'Gartsherrie by Night' by CR Stanley, 1853. Oil on canvas. 'Gartsherrie by Night' by CR Stanley, 1853. Oil on canvas.

Hot Blast & Iron Burgh

5 min read

From 1830, a combination of technological advances and serendipity led to the Old Monkland area coming to international prominence as the ‘Iron Burgh’ with one of the greatest concentrations of blast furnaces for making iron in the world. The town of Coatbridge was born from this economic boom drawing in migrants from the Highlands, from Ireland, England and Wales. Soon the town rivalled its near neighbour, Airdrie in terms of size.

Iron Smelting

Iron had been smelted in the Highlands for centuries using charcoal from Scotland’s woodlands to fire the furnaces.  The increasing demand for fuel led to rapid deforestation and the growth of demand for coal as an alternative fuel. The first ironworks in Scotland to use coal as a fuel was the Carron Works near Falkirk which opened in 1759. The coal was first heated in a sealed furnace with no air supply to turn it into coal. Next the coke was put into a blast furnace with ironstone and limestone and heated to around 1,300 degrees Celsius. The molten iron would be ‘tapped’ from the bottom of the furnace and cast into long ingots called ‘pigs’.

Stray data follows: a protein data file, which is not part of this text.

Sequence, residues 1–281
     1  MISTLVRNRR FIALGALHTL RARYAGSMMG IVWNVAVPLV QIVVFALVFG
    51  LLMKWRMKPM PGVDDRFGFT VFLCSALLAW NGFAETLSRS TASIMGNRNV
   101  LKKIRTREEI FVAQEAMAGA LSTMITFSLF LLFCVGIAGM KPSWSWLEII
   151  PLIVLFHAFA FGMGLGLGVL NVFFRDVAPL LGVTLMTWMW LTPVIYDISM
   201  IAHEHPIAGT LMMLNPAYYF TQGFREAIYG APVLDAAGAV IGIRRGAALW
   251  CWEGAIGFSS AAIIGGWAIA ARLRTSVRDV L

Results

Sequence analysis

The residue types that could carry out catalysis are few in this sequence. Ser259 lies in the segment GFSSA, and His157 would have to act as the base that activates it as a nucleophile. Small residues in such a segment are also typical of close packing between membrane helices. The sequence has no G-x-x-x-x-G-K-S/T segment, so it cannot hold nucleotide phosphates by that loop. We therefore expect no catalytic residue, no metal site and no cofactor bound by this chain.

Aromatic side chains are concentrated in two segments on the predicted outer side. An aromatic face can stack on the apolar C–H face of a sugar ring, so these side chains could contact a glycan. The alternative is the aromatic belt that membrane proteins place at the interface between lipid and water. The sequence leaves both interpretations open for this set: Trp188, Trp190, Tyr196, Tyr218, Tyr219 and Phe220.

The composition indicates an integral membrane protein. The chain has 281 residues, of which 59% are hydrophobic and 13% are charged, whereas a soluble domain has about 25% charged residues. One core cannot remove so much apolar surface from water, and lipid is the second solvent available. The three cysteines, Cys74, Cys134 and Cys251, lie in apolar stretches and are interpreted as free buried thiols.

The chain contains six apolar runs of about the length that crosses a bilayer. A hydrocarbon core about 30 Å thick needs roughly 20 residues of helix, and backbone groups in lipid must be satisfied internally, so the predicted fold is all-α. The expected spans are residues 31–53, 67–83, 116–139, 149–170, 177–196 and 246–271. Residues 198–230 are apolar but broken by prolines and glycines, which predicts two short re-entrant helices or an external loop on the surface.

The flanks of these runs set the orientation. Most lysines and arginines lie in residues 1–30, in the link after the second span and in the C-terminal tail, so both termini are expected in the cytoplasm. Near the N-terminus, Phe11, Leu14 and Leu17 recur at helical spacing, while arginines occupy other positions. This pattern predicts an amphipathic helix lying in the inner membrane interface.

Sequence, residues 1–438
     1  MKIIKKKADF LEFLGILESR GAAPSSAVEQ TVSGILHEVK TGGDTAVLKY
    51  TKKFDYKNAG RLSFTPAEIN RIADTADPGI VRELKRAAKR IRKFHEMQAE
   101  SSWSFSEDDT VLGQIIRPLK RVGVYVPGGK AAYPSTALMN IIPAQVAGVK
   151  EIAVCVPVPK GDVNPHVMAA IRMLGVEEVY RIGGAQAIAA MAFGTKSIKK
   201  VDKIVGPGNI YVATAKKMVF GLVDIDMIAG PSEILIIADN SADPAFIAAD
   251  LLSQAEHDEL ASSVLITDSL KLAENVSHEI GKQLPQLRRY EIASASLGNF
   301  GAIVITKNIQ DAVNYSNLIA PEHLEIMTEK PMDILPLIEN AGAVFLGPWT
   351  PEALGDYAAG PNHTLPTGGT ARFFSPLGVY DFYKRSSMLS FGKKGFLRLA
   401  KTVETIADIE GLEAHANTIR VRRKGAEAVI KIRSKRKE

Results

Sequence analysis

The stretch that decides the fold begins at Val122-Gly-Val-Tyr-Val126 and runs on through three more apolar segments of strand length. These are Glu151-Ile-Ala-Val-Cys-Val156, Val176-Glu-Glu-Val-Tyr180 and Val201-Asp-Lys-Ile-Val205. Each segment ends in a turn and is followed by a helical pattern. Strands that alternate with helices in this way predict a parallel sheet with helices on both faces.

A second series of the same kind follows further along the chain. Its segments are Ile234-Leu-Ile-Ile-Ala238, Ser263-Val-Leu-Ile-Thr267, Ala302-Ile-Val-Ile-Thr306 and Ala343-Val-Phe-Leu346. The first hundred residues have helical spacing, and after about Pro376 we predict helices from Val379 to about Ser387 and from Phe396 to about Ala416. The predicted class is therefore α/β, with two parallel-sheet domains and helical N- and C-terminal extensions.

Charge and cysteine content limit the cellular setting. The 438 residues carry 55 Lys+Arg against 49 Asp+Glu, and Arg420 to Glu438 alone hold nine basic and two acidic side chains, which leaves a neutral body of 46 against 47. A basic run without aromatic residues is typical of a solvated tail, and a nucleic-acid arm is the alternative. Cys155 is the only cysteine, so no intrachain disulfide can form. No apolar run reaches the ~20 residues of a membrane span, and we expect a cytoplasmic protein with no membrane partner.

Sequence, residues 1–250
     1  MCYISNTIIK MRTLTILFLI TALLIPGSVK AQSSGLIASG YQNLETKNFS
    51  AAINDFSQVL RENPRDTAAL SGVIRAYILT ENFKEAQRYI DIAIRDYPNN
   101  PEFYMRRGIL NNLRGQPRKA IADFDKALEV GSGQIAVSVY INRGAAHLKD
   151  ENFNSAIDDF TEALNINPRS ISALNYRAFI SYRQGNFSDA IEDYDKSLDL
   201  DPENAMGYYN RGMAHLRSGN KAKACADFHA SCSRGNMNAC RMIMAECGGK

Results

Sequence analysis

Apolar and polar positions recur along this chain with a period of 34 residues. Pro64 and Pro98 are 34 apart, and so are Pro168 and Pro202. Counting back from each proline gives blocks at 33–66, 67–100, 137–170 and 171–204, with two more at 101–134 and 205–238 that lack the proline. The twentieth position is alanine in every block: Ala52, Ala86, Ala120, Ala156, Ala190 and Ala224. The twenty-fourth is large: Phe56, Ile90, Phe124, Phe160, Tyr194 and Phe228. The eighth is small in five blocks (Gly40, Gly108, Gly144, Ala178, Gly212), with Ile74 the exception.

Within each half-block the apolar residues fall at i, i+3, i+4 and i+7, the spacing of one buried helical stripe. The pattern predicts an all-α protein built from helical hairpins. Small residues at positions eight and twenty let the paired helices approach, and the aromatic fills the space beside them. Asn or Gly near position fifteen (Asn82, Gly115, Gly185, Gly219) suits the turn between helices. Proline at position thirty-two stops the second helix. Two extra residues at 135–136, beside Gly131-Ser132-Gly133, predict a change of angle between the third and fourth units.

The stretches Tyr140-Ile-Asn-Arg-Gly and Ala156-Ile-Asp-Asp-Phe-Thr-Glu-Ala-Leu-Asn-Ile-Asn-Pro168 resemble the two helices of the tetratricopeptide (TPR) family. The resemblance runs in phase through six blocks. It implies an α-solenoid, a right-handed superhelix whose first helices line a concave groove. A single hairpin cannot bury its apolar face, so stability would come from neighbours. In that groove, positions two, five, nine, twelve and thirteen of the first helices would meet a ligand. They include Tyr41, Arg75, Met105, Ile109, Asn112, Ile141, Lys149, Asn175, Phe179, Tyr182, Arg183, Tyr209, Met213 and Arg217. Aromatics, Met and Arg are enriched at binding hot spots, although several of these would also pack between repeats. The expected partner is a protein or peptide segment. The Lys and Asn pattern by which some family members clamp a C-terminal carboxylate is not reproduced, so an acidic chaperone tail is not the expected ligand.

For a long time after the opening of the Carron Ironworks the growth of the iron industry in Scotland remained slow. It was not until the 1780s that other coke-fired ironworks were established in Scotland with the opening of the Wilsontown and Omoa Iron Works, both in Lanarkshire and Scotland remained a net importer of iron, even for Scotland’s first iron boat. This slow growth didn’t really accelerate until the arrival of the ‘hot blast’ in the 1800s.

The Hot Blast

The trigger for this dramatic change was James Beaumont Neilson’s development of the Hot Blast process for making pig iron, which he patented in 1828. This innovation allowed local industrialists to take advantage of David Mushet’s earlier discovery that the local ‘splint coal’ (a seam of coal containing iron nodules, previously considered useless) could be used directly in a blast furnace to smelt iron without first turning the coal into coke.

The Iron Burgh